Remember when the Yolo DA was touted by local media as being one of the most progressive in the state? That seemed like just two years ago. But now Assistant Chief Deputy DA Melinda Aiello once again is taking to Fox News to push, not for progressive reform, but for traditional tough-on-crime measures and policies.
Earlier this year, she was on there complaining about the Judicial Counsel’s Zero Bail policy, now she is back after a state parole board released a convicted killer out of Yolo County.
That’s Fox News as in the conservative cable news network, guardians for the Trump Presidency, and pretty much the antithesis of anything resembling progressive prosecution.
Terebea Williams, 44 now, was convicted in 2001 of first-degree murder, use of a firearm, carjacking, and kidnapping in the death of 23-year-old Kevin Ruska in Davis. The sister is angry and wanting justice for her little brother.
What we don’t know from this case of course is what has happened over the past 19 years that Williams has served in prison. The crime took place in 1998, and she was just 22.
The governor is of course under pressure to release people who have been incarcerated—but that doesn’t mean they are simply going to release people who are a danger to society.
When we interviewed Chesa Boudin’s office a few weeks ago, he had designated a Deputy DA to review case files at places like San Quentin to see who would be a good candidate for release under PC section 1170(d). That office had at the time we talked with them resentenced at least 15 individuals—many of them who had been sentenced to long sentences and had served years in prison.
On the other hand, the Yolo County DA’s office has only agreed to release a few and has fought pretty much every single parole request.
This week, there was Melinda Aiello on Fox News.
She told them that “as a career prosecutor, I cannot emphasize enough how horrific of a conversation I had to have with Dena’s family to deliver them the shocking news that Terebea Williams was going to be released and that they had absolutely no say in the matter.”
Fox then quotes from Californians for Safety and Justice, calling it “kind of an odd name for a group that really is kind of open to letting these people out of jails.”
The group said, “We’re glad the governor is taking action to release more people. This is absolutely critical for the health and safety of every Californian. Too many people are incarcerated for too long and facilities that spread poor health. Supporting the health and safety of all Californians means releasing people unnecessarily incarcerated and transforming our justice system.”
Aiello responded, “I agree. And I want to emphasize that as prosecutors were absolutely appalled at the lack of transparency at the release decisions that are being made on the state level, CDCR has already released over 10,000 inmates who were convicted and sentenced to what we call a determinant term. They had a determined outdate.”
But she added that “now CDCR has expanded their efforts, and they’re including violent criminals, including murderers, and that’s the situation that we have here with Terebea Williams.”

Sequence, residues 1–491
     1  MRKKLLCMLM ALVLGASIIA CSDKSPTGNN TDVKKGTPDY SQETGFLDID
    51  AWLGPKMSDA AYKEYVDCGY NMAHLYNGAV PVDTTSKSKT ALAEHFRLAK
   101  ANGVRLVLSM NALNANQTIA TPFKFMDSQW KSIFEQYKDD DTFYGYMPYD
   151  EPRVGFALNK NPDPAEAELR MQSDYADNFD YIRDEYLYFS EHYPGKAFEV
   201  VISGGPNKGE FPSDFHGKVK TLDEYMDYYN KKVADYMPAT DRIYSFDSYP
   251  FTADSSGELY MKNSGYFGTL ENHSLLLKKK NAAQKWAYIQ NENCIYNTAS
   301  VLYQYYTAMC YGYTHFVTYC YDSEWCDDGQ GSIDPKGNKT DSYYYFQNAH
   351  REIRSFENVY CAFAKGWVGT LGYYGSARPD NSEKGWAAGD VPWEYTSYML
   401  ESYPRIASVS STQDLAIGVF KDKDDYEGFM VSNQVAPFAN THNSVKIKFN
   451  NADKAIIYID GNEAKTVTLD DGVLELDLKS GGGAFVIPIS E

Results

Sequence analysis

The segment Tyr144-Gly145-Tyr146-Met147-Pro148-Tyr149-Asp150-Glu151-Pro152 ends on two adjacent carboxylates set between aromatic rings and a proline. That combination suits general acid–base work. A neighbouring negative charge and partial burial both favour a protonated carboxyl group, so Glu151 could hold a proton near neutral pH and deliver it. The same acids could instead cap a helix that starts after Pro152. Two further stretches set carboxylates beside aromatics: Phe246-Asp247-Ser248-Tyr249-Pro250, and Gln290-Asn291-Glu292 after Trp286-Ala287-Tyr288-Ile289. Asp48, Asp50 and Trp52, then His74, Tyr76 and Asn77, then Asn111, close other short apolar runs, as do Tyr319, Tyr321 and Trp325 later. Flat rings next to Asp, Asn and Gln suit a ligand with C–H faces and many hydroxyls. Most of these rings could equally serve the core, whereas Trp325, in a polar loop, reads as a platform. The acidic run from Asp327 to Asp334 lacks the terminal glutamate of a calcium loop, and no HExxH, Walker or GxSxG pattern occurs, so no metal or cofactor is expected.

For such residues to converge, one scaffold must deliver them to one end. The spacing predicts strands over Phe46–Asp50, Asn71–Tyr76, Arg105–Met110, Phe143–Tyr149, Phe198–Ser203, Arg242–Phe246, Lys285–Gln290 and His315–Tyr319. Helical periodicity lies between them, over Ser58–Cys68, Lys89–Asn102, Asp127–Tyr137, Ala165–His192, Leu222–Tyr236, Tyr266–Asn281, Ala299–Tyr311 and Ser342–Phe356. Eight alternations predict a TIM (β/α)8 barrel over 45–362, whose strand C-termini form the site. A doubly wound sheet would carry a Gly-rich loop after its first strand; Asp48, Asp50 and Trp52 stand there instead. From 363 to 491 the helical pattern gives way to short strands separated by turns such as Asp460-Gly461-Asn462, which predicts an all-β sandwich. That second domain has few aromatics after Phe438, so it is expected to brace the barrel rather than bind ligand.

The host then quoted Melinda Aiello on the zero bail policy where she wrote, “As a society we can never lose sight of the fact that nearly every crime, even those dubbed ‘low level’, has a victim. Simply dismissing a crime as low levels diminishes the very real and life altering impact that these crimes have on victims lives.”
Compare the Yolo DA to San Francisco’s prosecutor who has been working hard to follow the guidelines of public health officials who have warned the state that they need to reduce the prison population in half.
In a recent Op-Ed, Boudin along with Miriam Krinsky of Fair and Just Prosecution noted, “Being confined in a prison or jail should not be a death sentence. Yet, in the context of COVID-19 that is exactly what it has become for far too many.”
They added that in addition to releasing those who are elderly and within six months of their release or otherwise medically vulnerable, “They can accelerate release for individuals already found suitable for parole.”
A parole board has found Williams suitable and the governor signed off on it. Everyone else is flying off the handle with less than full information here.
It wasn’t that long ago when local media and people in Jeff Reisig’s office were claiming he was among the most progressive prosecutors in the state.
His chief deputy in 2018 wrote, “Reisig is a visionary who is constantly looking for innovative and progressive ways to best serve the public.”
The local paper in endorsing his reelection—that he narrowly won in 2018, wrote, “Despite efforts by those opposed to him to portray him as something that he is not, Reisig is, in fact, one of the most progressive district attorneys in the state.”
But whenever reforms seem to come up, this progressive who is being portrayed as “something that he is not” always seems to side with the status quo, with tough-on-crime approaches that have failed this state and failed this nation and left us with the most incarcerated population in the world.
Now his Assistant Chief Deputy is coming on Fox News to defend their opposition to early releases and zero bail during the pandemic.
—David M. Greenwald reporting
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